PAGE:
Jesse Jarnow

Archive for April, 2004

“burn” – usher

#5 this week, #10 last week, 6 weeks on the chart

Usher, whose “Yeah!” has been nestled at number one since I relaunched this blog a month or two back, is now competing with himself in the Top 10. It’s a ballad, a love song (and a solo one at that), but retains the performative structure, where it flows from section to section in a… well, I want to say “cinematic,” but that doesn’t feel right. It’s more “episodic,” or something other metaphor that can be tied to television. The idea of the beginning, middle, and end do seem important to this kind of songwriting, even if that beginning/middle/end isn’t literally tied to a plot.

So, “Burn” begins with a quick spoken intro over, first, noise, then, strings and mellotron (I think). For the first two seconds of the song (noise and “I don’t understand… why…”) it sounds as if the song could kick in with one of those sharply mixed techno grooves. Instead, Usher’s voice changes, the strings establish themselves, and it makes the turn/commitment to be a slow tune. I love the way the keyboard and the strings work with each other, the keys sounding really sweet and romantic and ballad-like, in a way that would seem incongruous with strings that also sound really sweet and romantic and ballad-like… but it doesn’t, and they don’t. As the classical guitar comes in, this becomes the ambient base of the song, and the spoken part crests into an overemotive/soulful vocal (the strings drop out there).

There is no over-arching melody (at least one that jumps out), but – instead – there are lots of very small hooks (“I do but you don’t”, a quick jump to falsetto, an almost South African vocal break later on, etc.) that are predominantly rhythmic. I like that, actually, even if it’s not as elegant as having one really good melody. They’re like little nooks for the ear to discover (and definitely lend to the picaresque – there’s the word! – effect). The little blurp of white noise used to lead into the spoken intro also cues the chorus, and lets us know that we have achieved title. The picaresque is a neat trick. It makes music more playful, and keeps it from being entirely grandiose and serious. In terms of Usher, it also lets him find his own voice and way of singing.

As a follow-up to “Yeah,” it seems like a good choice. If one imagines that the only two tracks by Usher that somebody knows are “Yeah” and this – and those are the only two that I know – then they serve to establish Usher as a character. And, since this is a slow song, the message would seem to be that, gee, Usher has depth. I’m not convinced of that yet, but “Burn” is a pretty impressive performance, even if Usher himself comes off as a tad hyperactive and eager to show off his vocal range.

Well, buckaroos, I’m off for some travel this week. I’m not sure if I’m gonna update next week, or the week after… but circumstances will tell.

“i don’t wanna know” – mario winans featuring p. diddy and enya

#4 this week, #9 last week, 8 weeks on the chart

There’s a fantastic, fantastic article in The New Yorker this week by Jake Halpern about the Trackboyz and J-Kwon. I can’t recommend it highly enough. It confirms what I suspected (or maybe wanted to suspect): that there is no firm, singular, one-way star system in the music industry. Sure, the right wheels need to be greased, and the right folks have to get paid, but – the point is – anybody who succeeds has to follow a long, hard path of greasing wheels and the like. That, in itself, is a talent with a certain accompanying skill set and even musical qualities. The Trackboyz are from St. Louis, and that’s cool. The article talks about where/how they live, and generally paints a picture of how they got there.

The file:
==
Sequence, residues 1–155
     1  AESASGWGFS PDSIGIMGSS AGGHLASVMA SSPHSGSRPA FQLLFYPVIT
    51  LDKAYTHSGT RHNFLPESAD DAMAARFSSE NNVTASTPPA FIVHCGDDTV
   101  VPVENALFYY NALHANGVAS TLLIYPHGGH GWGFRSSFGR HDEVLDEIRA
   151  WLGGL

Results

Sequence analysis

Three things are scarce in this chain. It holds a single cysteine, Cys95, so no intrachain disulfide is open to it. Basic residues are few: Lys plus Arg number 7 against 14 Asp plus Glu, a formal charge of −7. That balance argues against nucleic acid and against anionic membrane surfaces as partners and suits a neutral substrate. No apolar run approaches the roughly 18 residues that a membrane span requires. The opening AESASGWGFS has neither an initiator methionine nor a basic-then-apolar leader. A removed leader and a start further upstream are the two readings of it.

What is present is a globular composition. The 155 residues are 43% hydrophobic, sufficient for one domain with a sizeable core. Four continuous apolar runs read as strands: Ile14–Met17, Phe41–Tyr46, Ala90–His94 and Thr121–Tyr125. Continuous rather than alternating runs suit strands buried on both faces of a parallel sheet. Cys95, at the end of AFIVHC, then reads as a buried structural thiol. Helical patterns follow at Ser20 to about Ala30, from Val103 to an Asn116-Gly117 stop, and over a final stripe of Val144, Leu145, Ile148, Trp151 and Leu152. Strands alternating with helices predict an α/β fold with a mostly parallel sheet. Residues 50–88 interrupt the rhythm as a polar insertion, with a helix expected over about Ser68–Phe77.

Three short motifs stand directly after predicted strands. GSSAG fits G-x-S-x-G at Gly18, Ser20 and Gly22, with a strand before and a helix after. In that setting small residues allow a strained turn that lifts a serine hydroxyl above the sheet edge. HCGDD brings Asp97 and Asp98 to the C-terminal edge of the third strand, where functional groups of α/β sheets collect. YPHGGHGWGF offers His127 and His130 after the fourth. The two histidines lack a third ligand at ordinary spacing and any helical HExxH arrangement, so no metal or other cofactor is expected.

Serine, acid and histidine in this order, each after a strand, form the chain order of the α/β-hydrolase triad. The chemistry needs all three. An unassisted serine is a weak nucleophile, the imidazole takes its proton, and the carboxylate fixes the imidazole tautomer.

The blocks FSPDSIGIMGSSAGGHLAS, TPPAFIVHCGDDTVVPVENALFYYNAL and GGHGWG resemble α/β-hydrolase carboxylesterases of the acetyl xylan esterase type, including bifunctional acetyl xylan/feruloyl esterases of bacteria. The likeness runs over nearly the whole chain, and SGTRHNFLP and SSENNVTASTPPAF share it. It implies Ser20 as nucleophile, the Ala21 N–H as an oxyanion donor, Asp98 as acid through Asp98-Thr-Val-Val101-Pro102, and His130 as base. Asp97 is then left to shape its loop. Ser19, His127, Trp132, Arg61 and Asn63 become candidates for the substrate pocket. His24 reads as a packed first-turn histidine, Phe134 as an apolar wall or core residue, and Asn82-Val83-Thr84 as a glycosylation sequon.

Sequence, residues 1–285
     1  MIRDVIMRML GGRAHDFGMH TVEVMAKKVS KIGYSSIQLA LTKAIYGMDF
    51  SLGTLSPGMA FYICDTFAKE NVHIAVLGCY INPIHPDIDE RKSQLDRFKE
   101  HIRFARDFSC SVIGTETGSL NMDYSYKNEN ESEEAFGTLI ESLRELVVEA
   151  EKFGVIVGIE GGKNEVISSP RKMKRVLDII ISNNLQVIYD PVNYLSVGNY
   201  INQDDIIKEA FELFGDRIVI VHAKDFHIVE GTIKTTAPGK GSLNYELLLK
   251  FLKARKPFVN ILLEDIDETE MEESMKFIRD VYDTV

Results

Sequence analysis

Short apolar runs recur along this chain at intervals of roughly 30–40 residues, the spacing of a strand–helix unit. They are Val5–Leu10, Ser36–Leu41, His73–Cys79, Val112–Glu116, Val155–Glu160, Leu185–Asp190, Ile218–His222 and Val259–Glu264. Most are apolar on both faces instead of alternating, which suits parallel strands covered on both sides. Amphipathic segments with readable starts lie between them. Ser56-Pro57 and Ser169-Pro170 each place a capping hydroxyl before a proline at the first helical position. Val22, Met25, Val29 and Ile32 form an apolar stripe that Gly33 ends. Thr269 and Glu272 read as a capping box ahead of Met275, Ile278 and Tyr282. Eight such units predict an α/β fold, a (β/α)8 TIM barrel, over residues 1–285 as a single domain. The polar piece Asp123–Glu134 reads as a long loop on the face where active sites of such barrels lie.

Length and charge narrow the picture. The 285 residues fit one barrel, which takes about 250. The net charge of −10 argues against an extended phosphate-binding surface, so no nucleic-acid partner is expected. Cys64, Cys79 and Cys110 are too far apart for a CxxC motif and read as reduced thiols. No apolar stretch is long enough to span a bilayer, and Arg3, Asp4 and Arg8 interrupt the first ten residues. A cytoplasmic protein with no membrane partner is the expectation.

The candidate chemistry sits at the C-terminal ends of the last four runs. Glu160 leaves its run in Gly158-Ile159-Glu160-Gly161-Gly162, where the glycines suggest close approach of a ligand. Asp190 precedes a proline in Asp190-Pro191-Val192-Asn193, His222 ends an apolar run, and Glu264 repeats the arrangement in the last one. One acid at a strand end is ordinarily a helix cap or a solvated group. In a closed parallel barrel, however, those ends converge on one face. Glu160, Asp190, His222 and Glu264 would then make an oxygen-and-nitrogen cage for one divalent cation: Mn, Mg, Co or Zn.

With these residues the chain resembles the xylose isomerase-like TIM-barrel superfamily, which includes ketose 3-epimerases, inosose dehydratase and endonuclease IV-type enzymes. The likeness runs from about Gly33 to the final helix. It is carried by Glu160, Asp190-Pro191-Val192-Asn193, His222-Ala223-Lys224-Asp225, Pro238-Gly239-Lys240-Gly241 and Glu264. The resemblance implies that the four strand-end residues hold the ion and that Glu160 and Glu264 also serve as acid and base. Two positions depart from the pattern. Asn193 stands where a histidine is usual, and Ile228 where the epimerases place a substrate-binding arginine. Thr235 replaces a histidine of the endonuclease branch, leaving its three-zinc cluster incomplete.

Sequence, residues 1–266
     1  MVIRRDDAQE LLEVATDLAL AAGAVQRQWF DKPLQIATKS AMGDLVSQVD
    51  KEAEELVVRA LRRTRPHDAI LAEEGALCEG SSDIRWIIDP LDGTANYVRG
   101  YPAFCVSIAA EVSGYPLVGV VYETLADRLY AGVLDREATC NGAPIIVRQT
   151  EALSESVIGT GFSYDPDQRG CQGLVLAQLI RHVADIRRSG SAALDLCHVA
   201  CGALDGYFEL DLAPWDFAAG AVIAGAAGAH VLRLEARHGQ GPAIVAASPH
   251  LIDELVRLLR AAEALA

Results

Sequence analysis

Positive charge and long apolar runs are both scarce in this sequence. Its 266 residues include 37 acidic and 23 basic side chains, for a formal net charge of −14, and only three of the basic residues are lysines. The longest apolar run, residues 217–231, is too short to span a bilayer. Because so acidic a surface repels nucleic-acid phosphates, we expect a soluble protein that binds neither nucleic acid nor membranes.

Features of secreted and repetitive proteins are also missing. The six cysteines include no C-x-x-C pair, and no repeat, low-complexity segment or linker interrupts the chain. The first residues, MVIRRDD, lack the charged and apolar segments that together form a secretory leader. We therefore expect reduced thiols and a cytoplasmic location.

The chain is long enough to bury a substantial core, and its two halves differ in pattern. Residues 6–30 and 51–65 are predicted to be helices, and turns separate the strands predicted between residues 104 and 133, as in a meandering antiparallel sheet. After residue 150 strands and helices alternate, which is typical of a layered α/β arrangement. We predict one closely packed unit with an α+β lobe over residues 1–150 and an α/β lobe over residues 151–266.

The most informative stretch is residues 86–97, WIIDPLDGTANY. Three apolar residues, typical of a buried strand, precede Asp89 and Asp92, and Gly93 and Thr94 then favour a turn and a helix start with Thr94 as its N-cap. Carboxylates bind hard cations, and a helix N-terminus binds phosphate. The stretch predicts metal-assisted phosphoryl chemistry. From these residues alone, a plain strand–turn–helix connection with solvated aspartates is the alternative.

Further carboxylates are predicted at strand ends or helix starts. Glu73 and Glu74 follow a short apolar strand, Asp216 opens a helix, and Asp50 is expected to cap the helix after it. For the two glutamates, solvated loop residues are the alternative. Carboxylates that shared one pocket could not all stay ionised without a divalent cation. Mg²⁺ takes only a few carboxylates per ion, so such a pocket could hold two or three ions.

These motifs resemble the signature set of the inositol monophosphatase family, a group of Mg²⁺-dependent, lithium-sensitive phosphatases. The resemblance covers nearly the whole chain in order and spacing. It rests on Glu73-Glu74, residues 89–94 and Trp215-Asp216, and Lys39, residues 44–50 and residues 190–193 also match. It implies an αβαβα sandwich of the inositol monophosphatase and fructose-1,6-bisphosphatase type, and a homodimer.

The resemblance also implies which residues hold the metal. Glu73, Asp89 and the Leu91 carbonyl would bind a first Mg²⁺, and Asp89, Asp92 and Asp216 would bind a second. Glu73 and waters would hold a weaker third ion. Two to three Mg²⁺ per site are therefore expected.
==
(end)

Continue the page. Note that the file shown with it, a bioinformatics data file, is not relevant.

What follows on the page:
I don’t know much about Mario Winans – he appears to be predominantly a producer – but I can only imagine that he’s had to beat his own path, especially if he’s producing his own full-length debut. The first thing that jumps out at me about this song is a production thing: the drums are dominant with flaming oodles of practically ambient strings and keyboards and what floating beneath. There’s a lot of stuff happening, but it’s hard to make out any specifics. The second thing that jumps out (which I only noticed after a few listens) is the nature of the beat. On one hand, it’s not insistent. It doesn’t draw me in at all, and feels far too mellow to be effective in a club. But, the more I listen, the more I can get into it. Somehow, the tempo is just right. It’s punchier than a ballad, but slower than anything else. Likewise, it’s got a cool stuttered kick that doesn’t quite repeat the same way each time. (I also like how it drops out for half-a-second before P. Diddy’s solo.)

It begins with a bit of performative plot (a ringing phone, “let me call you right back, we’re doing this mix tape right now…”) and drops into a little spoken intro that’s slathered in echo. The strings are impossibly distant, like Jordan and Daisy from The Great Gatsby listening to a symphony recording in a small corner of a vast, airy porch. I like the feeling of longing they create, both in general (their syrupy tone) and their liternalness (wanting to hear more). The chorus is catchy, and P. Diddy’s appearance is pleasant enough (I swear he drops a line about Western Beef, which is hilarious), but the whole thing is just sleepy sounding to me.